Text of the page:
* $11.2 million for acquiring Palm Beach County land at the proposed County District Park off Central Boulevard (think baseball stadium fiasco location) and building a soccer complex

* $2.5 million to expand the baseball complex at Burns Road after demolishing the existing soccer complex at this same site

* $ 6.7 million for a new operations center for the public works (an infrastructure improvement???)

* $ 7 million to renovate and expand City Hall (an infrastructure improvement???)

* $ 2 million to renovate police department (an infrastructure improvement???)

* $ 100,000 to renovate the burns Road fire station (an infrastructure improvement???)

* To front load above projects a $30 million bond issue will be secured using the sales tax surtax revenue to pay down bond

At first blush the above policy and plan sounds reasonable and doable. However, one must stretch the definition of infrastructure to accommodate some of the proposed projects. There certainly is a recreational need for more team sport fields of all stripes or so it would seem. Then again there has been and is great reluctance on the part of Palm Beach County to sell all or even a portion of the Central Boulevard land to the City for any use. Other North County municipalities have expressed interest in the County’s District Park plans and are reluctant to support Palm Beach Gardens’ efforts. Perhaps then, this proposed policy and plan has obstacles that may be insurmountable.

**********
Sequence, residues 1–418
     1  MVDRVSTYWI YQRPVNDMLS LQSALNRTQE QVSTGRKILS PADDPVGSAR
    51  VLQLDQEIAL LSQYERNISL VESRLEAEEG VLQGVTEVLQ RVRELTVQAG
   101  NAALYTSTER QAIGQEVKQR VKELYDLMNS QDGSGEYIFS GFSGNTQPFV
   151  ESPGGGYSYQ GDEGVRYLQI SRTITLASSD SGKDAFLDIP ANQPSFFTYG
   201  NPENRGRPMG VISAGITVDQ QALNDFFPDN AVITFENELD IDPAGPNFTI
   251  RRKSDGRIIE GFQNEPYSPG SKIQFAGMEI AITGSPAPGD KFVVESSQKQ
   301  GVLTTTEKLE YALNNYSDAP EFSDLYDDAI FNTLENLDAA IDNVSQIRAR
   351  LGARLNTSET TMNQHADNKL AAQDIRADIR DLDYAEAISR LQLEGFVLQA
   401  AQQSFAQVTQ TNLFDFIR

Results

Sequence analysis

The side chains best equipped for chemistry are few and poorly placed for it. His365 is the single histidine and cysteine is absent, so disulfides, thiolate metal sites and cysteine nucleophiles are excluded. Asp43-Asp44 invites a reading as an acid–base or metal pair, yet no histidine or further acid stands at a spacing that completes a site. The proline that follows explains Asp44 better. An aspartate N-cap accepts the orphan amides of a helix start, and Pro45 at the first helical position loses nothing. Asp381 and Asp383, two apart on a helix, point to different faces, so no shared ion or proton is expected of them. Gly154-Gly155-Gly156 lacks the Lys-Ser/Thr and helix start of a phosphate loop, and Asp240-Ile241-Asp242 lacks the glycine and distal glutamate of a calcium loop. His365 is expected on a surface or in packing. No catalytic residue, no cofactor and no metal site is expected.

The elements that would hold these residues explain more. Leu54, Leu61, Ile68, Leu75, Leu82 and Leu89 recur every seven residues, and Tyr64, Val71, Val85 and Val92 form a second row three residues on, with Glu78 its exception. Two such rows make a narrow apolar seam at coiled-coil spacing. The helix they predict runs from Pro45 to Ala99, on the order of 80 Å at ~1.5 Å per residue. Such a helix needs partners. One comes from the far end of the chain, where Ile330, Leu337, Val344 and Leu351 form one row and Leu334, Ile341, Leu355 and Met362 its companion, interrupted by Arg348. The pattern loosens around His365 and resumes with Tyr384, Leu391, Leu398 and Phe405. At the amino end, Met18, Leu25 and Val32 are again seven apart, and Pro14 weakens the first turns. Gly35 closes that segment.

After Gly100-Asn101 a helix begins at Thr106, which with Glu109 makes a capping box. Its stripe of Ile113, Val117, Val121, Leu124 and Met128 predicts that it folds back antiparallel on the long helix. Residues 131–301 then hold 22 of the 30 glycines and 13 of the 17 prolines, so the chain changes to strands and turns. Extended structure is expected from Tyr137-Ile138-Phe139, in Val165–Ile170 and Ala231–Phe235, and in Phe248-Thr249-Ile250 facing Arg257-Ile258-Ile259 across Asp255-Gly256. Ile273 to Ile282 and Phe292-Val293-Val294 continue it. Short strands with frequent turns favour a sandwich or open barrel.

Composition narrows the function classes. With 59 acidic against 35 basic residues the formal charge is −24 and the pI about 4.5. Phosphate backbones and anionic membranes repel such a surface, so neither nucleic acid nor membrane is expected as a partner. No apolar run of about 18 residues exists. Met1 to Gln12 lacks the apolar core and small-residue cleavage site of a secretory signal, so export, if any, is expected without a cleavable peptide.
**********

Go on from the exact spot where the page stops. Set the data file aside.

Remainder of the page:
Be that as it may, has this spending spree been given enough thought and consideration? In my opinion it has not. Transparency is missing. It came out of left field. There was no workshop, no prior Council discussion or presentation, and no Public participation. Was this plan presented to the Recreation Board, or the Budget Review Board, or the Palm Beach Gardens Youth Athletic Association for their information and comment? This again appears to be a Staff driven policy and plan. If the City Council members were involved in crafting this policy and plan, when and where did they meet, and with whom? Who authorized the consultants’ study of the City Hall and Police Department renovation and expansion needs, and was the City Council involved?

From my perspective a more comprehensive planning effort needs to be undertaken concerning team sport fields’ requirements, as well as, other very pressing recreational facility and program needs for the City’s future. Public Works, a long overlooked department that contributes mightily to the success of Palm Beach Gardens, certainly has facility needs and deserves them. Work space requirements, if needed, should be accommodated. But what is needed most is transparency by the City Council in making their case for the above policy and plan to the Public.

Martino: Sober Homes Should be Addressed by the City Council

Do you know what a Sober Home is? If you don’t, you should. The chances are if you live in a single family neighborhood in Palm Beach Gardens you do, or probably soon will. Sober Homes are group homes for people who are recovering from addiction issues, such as, drug and alcohol abuse. While living in the Sober Home these people, who come from all over the country, have stringent rules they must follow and may undergo periodic drug testing. These “homes” are locating in residential neighborhoods at an increasing pace and can pose various and different problems for these neighborhoods.